In 1992, Hargitay got another lead role on a TV series, this time in the CBS crime dramedy "Tequila and Bonetti." Hargitay portrayed Officer Angela Garcia, the human partner to Nick Bonetti, who begins the show by transferring from the New York Police Department to Los Angeles. Bonetti’s partner is a dog named Tequila, whose thoughts the audience can hear. Garcia also had a daughter, played by Troian Bellisario, who would go on to a lead role in "Pretty Little Liars." The show, however, only lasted for 12 episodes.
In 1993, Hargitay starred in the crime drama film "Bank Robber" alongside a cast that included Patrick Dempsey, Lisa Bonet, and Forest Whitaker. Over the next two years, she appeared in small roles in two major projects, as she showed up in the 1995 award-winning drama "Leaving Las Vegas" with Nicolas Cage and Elisabeth Shue, and in Season 4 of "Seinfeld."
Hargitay did a stint on another famous NBC series
Hargitay got another lead role on television in the 1995-1996 season, once again on CBS, in the sitcom "Can’t Hurry Love," where she played Didi Edelstein, a main character and friend to the show’s lead, Annie O’Donnell. She showed up in all 19 episodes of the show before once again finding herself on the wrong end of cancellation. She was also cast as a detective in two different series: "Cracker: Mind Over Murder" as Detective Penny Hatfield for an episode, and "Prince Street" as Detective Nina Echeverria, an undercover member of the NYPD Intelligence Division, for the show’s six-episode run.
Hargitay also appeared in a recurring role in the NBC medical drama "ER" as Cynthia Hooper. A recent transplant to Chicago, Hooper gets the job of desk clerk in the ER department after forging a personal connection with Dr. Mark Greene. While her inexperience in the position leads her to clash with some of the doctors, Hooper and Dr. Greene ultimately get into a relationship, though it’s clear the emotional investment is unequal between the two.
When Dr. Greene travels to California on a family emergency, Cynthia decides to follow him as a surprise, which leads to the revelation that he isn’t in love with her, causing the two to break up. When Dr. Greene returns to Chicago, he finds that Hooper has quit, and when he tracks her down and tries to rekindle the relationship, she rejects him, marking the end of Hargitay’s time on the show.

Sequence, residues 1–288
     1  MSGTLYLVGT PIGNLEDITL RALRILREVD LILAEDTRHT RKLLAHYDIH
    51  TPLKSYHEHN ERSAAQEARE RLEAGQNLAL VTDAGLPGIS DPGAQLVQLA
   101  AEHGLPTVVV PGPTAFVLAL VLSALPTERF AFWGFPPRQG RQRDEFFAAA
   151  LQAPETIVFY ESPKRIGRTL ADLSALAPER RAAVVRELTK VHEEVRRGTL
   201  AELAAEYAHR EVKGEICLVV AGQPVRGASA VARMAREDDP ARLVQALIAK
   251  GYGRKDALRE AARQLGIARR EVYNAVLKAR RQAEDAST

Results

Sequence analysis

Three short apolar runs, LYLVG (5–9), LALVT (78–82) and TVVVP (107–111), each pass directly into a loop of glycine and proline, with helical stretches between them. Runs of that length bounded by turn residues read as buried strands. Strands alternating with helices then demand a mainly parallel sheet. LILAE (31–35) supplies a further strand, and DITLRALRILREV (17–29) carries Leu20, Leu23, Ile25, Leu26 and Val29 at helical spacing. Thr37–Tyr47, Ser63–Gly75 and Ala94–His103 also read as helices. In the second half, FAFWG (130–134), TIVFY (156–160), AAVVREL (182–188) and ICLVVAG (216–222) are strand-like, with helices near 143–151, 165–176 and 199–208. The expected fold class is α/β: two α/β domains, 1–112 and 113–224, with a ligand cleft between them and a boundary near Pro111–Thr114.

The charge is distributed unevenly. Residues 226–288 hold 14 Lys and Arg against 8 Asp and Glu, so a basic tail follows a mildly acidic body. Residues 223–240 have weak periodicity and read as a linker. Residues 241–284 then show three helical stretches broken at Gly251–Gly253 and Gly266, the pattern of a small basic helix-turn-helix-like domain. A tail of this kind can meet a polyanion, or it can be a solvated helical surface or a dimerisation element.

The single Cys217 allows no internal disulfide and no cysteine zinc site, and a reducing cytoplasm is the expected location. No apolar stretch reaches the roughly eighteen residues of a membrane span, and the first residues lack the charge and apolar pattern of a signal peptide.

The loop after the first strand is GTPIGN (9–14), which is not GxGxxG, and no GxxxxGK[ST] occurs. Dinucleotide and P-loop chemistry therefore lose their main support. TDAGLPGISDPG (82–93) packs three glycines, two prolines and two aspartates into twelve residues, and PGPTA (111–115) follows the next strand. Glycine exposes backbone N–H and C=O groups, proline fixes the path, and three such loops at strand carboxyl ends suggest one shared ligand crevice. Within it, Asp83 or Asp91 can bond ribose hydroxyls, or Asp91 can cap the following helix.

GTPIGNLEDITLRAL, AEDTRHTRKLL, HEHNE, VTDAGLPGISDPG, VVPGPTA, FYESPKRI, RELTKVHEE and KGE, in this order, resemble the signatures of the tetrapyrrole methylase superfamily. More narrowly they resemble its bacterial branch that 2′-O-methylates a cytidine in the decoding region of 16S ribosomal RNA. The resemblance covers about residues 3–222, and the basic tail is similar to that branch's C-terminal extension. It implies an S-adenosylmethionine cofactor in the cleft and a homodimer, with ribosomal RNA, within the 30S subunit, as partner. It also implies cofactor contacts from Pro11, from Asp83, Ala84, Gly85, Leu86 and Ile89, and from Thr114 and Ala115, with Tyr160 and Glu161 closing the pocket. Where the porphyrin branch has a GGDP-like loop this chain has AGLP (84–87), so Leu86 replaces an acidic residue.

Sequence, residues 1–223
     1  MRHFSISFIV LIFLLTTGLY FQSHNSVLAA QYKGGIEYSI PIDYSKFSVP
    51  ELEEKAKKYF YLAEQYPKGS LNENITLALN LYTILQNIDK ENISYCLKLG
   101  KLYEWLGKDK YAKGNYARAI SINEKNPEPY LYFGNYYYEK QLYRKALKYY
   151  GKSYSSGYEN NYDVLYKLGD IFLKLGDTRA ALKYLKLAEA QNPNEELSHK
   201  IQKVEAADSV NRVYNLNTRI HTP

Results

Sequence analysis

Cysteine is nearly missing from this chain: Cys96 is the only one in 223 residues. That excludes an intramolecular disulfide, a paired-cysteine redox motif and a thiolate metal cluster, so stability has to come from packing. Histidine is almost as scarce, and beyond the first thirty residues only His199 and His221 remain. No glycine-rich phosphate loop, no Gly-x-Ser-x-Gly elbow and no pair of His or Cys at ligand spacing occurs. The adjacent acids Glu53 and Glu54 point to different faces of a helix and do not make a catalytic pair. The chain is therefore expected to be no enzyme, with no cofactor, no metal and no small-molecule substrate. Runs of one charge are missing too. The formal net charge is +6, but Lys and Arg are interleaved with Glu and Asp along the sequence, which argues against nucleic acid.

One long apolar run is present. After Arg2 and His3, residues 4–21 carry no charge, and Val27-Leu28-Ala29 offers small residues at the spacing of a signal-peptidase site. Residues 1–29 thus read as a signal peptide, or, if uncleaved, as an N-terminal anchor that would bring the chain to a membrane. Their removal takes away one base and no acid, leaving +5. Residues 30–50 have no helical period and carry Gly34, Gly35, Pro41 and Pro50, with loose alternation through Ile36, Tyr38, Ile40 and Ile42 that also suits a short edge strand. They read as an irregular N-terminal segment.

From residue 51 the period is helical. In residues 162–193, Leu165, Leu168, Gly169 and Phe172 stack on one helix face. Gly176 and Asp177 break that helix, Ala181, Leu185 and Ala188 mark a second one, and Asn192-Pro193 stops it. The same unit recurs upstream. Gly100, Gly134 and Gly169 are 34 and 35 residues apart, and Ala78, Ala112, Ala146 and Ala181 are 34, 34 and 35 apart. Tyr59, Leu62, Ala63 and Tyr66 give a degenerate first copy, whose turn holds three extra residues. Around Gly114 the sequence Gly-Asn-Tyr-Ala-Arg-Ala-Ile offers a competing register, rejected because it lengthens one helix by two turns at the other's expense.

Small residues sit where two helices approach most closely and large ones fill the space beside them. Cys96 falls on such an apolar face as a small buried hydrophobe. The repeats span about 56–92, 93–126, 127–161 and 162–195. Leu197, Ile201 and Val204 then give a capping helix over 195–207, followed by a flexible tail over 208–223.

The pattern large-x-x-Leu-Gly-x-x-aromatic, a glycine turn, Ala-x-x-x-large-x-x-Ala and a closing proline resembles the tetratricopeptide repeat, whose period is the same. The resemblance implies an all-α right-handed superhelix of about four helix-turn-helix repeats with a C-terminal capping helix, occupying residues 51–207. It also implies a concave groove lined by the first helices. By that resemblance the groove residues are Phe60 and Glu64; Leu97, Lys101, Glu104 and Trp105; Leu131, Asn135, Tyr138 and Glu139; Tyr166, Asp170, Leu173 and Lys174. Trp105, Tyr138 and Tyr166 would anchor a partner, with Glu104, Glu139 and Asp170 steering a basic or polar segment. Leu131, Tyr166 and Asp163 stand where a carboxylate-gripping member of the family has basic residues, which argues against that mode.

The beginning of an era
September 1999 marked the premiere of "Law & Order: Special Victims Unit" on NBC. The show, hailing from creator Dick Wolf, was a spinoff from "Law & Order," and saw Hargitay take on the role of Detective Olivia Benson, a member of the Special Victims Unit, or SVU, the department that investigates sexually-based offenses. Benson was the child of a rape victim herself, which led her drive for justice, and she began the show partnered with Detective Elliot Stabler (Christopher Meloni). Benson and Stabler remained partners for 12 seasons until Meloni departed the show, and Benson subsequently got promoted to Sergeant in Season 15, Lieutenant in Season 17, and ultimately Captain in Season 21.
As Benson, Hargitay has appeared in almost 500 episodes of the show, which is currently in its 22nd season, with a renewal through Season 24 already confirmed. Hargitay has reprised the role in numerous other shows, including "Law & Order," "Law & Order: Trial By Jury," "Chicago P.D.," and "Chicago Fire." She has also made an in-character cameo in the sketch comedy series "Saturday Night Live," and has eight Primetime Emmy nominations for the role, winning the award in 2006. She has also been nominated for two Golden Globes for the role, winning one in 2005. In the process, Hargitay has become an iconic part of the pop culture landscape, and is sure to go down in television history for her work as Olivia Benson.